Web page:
Trendy new color for furniture: Green

Julie Sherwood

Furniture-makers are discovering that consumers want something in addition to high-quality items: proof that the wood in the furniture is green-certified.

“Customers are asking for it,” said Christine Cooney, project manager of Lake Country Woodworkers, a Naples, N.Y., company that makes high-end office furniture.

The green-certified designation means the timber came from forests managed under the strictest guidelines for cutting and planting, pest control, promoting diversified habitat and soil and water protection.

“Sustainability” is the catchword for those practices that promote a healthy forest, and it is catching on with consumers, Cooney said.

Green certification is not only a validation of management practices but a distinction valued in the marketplace, somewhat akin to the organic label on grocery products, stated Pete Grannis, commissioner for the New York Department of Environmental Conservation.

The DEC announced this month New York’s forests have regained their status as green-certified, an international standard awarded to only 10 percent of the world’s forests. In the United States, those include state forests in Pennsylvania, Ohio, Michigan and Indiana.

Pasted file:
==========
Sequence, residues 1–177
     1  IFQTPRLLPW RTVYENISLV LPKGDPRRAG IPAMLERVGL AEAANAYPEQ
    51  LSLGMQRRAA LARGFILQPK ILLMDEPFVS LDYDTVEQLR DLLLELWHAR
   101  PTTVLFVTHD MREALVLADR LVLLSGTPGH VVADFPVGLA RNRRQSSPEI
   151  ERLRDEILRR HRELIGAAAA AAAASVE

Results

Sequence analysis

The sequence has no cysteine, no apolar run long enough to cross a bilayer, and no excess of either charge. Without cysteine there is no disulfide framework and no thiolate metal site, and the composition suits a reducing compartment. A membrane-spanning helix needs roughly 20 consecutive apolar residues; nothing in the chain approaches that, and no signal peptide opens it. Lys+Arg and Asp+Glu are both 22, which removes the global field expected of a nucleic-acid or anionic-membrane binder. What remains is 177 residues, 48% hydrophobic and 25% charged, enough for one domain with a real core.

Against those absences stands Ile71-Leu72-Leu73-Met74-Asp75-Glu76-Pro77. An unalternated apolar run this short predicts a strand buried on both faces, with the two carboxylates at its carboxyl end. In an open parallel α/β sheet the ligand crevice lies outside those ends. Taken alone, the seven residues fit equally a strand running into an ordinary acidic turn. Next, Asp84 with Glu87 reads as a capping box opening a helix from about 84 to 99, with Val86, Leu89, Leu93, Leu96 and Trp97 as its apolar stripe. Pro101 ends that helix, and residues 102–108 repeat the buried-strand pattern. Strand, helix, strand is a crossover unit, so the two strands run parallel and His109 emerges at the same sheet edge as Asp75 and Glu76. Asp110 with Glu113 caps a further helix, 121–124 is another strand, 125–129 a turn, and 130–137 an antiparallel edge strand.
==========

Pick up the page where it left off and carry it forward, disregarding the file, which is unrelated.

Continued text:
The auditors that determine green certification are nonprofit organizations that establish forest certification standards nationwide, such as the Forest Stewardship Council. The groups look for success in protecting mature forests, limiting the effect of invasive plants and insects, identifying and protecting imperiled species and using easements to conserve working forests.

“Interest in certified products has been growing, and there are now roughly 80 green-certified paper or wood-based businesses in the state, ranging from paper mills to printers to floor suppliers,” Grannis said of New York.

Clay Miller, who works at his family’s R.A. Miller Hardwood Co. in Buffalo, N.Y., said the company is weighing whether to become a supplier of green-certified wood.

Miller said for its product to have the certification, it must not only come from the forests holding the green certification, but the timber must also be handled and transported according to green guidelines.

“There can’t be any break in the certifications chain,” he said.

The green-certified wood is the rage out West, Miller said. As for the East, people so far are thinking more about cost than green, he said. Generally, the green-certified lumber is more expensive.   

Scott Graham, co-owner of Future Forest Consulting Inc. in Naples, a forest-management service, said it’s hard to predict what the certification will mean economically. But it will ensure the forests are treated with utmost care, he said, which includes the finest erosion control and seeding and marking of trees to “take out the bad and promote the good.”

“It’s like weeding a garden,” said Graham, whose consulting work covers 50,000 acres of property throughout Upstate New York.

“Forests that are healthy and vigorous are a benefit to society and the environment,” Graham said.

Contact Daily Messenger writer Julie Sherwood at (585) 394-0770, Ext. 263, or at